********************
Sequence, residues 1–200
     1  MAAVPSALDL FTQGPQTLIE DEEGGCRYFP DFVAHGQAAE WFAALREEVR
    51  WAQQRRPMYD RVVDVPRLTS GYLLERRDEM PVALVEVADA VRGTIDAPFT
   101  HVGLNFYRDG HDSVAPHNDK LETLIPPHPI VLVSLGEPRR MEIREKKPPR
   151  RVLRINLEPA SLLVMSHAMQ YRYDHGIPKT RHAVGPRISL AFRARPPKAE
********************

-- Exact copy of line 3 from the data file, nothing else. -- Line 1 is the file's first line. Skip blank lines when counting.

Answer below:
    51  WAQQRRPMYD RVVDVPRLTS GYLLERRDEM PVALVEVADA VRGTIDAPFT